- 1 Summary
- 2 Top 3 Biohacks
- 3 What It Is
- 4 Important Notes
- 5 What Is It
- 6 What Causes It
- 7 Treatments / Applicable Biohacks
- 8 Resources
- 9 Anecdotes
- 10 References
Main Symptoms and underlying physiological cause
Top 3 Biohacks
- use 1
- use 2
- use 3
What It Is
- Symptom 1
- Symptom 2
- Symptom 3
Underlying physiological cause
bodily systems affected, environmental issues, gut, genetics, etc.
additional information, e.g. safety concerns
What Is It
Describe the symptoms of the condition.
What Causes It
- . DIET
## 4% of migraine sufferers have celiac disease ## Gluten sensitivity  ##Recurrent Hypoglycemia  ##Magnesium deficiency
- Present in up to half of migraine patients
- Routine blood tests are not indicative of magnesium status, as <2% is in the measurable, extracellular space, 67% is in the bone and 31% is located intracellular. Serum tests are ineffective, RBC is somewhat better 
- Migraine sufferers may develop magnesium deficiency due to genetic inability to absorb magnesium, inherited renal magnesium wasting, excretion of excessive amounts of magnesium due to stress, low nutritional intake, and several other reasons
- Start dose with 400mg daily. For cluster headaches, 1g/day was effective. 
- Up dose if other symptoms of deficiency are present, such as cold extremities, PMS, and leg/foot cramps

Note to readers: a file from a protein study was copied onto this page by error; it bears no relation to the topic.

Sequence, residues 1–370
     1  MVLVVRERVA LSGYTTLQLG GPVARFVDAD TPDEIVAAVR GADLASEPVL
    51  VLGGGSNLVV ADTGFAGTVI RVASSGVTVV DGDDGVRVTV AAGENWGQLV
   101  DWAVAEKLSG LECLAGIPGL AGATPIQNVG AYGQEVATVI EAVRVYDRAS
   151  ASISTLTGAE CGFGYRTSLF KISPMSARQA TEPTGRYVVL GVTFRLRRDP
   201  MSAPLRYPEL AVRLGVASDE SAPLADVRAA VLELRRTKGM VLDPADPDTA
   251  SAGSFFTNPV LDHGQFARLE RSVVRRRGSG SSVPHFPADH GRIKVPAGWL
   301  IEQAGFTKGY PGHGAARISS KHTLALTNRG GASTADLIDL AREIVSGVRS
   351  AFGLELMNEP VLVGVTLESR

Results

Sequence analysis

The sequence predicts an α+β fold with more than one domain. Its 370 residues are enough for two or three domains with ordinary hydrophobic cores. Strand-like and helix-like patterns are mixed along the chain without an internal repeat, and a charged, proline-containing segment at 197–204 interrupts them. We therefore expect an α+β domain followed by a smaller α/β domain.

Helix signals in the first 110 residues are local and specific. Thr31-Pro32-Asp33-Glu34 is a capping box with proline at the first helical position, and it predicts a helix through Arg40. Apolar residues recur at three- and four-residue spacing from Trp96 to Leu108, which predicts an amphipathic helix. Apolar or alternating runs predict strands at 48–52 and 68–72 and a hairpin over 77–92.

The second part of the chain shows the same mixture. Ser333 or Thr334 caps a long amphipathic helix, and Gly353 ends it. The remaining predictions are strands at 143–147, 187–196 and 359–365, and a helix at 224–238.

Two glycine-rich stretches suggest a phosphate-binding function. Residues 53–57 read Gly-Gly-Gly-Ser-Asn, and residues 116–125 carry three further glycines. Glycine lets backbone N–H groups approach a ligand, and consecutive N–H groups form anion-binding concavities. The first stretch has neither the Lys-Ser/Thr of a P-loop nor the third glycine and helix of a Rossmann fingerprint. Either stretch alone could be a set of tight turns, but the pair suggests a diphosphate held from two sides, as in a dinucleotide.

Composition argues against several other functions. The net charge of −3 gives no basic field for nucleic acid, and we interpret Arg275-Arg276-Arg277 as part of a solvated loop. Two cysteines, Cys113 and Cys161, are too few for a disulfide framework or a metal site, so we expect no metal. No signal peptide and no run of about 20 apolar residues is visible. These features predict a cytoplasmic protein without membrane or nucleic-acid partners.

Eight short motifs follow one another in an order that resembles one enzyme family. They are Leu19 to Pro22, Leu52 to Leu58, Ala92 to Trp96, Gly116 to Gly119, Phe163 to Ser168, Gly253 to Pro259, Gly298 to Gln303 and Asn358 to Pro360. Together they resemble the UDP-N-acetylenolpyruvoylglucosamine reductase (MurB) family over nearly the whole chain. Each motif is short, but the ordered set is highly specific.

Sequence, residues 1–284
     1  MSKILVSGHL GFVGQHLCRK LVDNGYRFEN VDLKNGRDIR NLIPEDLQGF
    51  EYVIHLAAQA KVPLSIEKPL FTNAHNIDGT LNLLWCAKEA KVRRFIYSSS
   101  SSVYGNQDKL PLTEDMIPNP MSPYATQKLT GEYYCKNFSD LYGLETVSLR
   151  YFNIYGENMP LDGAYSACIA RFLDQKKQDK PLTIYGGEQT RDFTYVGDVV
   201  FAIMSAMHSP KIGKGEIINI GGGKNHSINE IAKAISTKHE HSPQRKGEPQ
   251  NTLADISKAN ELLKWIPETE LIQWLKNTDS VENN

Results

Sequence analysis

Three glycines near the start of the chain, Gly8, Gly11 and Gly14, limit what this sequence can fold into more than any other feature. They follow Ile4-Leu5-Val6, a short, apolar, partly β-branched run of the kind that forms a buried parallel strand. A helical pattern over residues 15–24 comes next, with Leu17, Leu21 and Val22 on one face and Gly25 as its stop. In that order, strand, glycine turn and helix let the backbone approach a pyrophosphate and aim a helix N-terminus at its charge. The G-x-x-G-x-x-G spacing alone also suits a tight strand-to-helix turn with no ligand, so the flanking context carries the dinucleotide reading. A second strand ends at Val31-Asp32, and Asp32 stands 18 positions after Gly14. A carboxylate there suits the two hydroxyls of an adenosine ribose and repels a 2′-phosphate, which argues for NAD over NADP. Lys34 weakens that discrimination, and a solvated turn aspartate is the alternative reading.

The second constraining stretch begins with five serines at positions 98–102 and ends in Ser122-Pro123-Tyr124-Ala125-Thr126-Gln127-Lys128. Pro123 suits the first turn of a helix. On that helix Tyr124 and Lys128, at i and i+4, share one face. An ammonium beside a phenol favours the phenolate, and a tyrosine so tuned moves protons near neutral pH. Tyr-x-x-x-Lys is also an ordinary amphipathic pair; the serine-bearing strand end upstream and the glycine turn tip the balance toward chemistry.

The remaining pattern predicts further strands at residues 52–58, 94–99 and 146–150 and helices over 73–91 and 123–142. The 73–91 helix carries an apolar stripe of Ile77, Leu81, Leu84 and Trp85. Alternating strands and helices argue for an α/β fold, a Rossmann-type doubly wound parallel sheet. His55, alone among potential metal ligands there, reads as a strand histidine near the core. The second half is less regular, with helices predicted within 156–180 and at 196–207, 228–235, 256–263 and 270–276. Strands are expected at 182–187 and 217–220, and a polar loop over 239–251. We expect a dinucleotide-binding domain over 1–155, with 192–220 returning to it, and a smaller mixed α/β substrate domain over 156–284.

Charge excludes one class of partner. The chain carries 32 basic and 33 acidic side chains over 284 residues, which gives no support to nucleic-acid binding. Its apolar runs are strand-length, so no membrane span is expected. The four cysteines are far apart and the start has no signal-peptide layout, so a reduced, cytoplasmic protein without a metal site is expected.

- VItamin B6 Deficiency 
## Food intolerance: use an elemental diet to check it  ### Live off of thisfor a week and see it anything changes. ### Also diagnosable through a Cyrex food sensitivity panel ## Avoid sugar, especially fructose - MAPK plays a significant role in the inflammatory process that releases CGRP, which is a significant cause of migraines 
- Elevated Estrogen Levels
## Can be reduced through taking lots of cruciferous vegetables
Vasodilatory vs Vasoconstrictive
Most headaches will fall under one of two categories: either the blood vessels in your head are dilating too much and the increased blood flow is causing pain, or the reverse is happening and the constriction is causing it. Depending on which is the root cause, there are often different treatment possibilities.
Treatments / Applicable Biohacks
If you went to an average western medicine doctor, what would they prescribe to treat it? Drugs, physical therapy, behaviors, etc.
External Trigeminal Nerve Stimulation device
Most headaches and migraines involve the trigeminal nerve. Its superior branch ends at the exit of the eye socket, underneath the skin of the forehead.
Neurostimulation of the trigeminal nerve with:
- Cefaly acute setting (high frequency, single long session) produces a sedative effect on the nervous system that relieves headache pain.
- Cefaly prevent setting (low frequency, daily short sessions) restores progressively a normal metabolism in the fronto-temporal cortex of migraineurs; that is to say an improvement of the migraine-triggering threshold, which consequently reduces the frequency of migraine attacks.
Blocks headache through vagus nerve stimulation.
- Butterbur - effective at doses of 150mg+ 
- Fevervew / Willowbark - effecgive, possibly due to serotonin 5-HT receptor blocking effects 
- 5-HTP - reduced intensity and duration of attacks in 75% of patients treated (600mg daily injection)
Foods to Eat
Foods to Avoid
Gut Health / Probiotics
Name - Joe Shmoe
Experience with the issue - What were your symptoms? How did you get it? How did it impact your life?
Treatment History - What did you try? What worked? What didn't?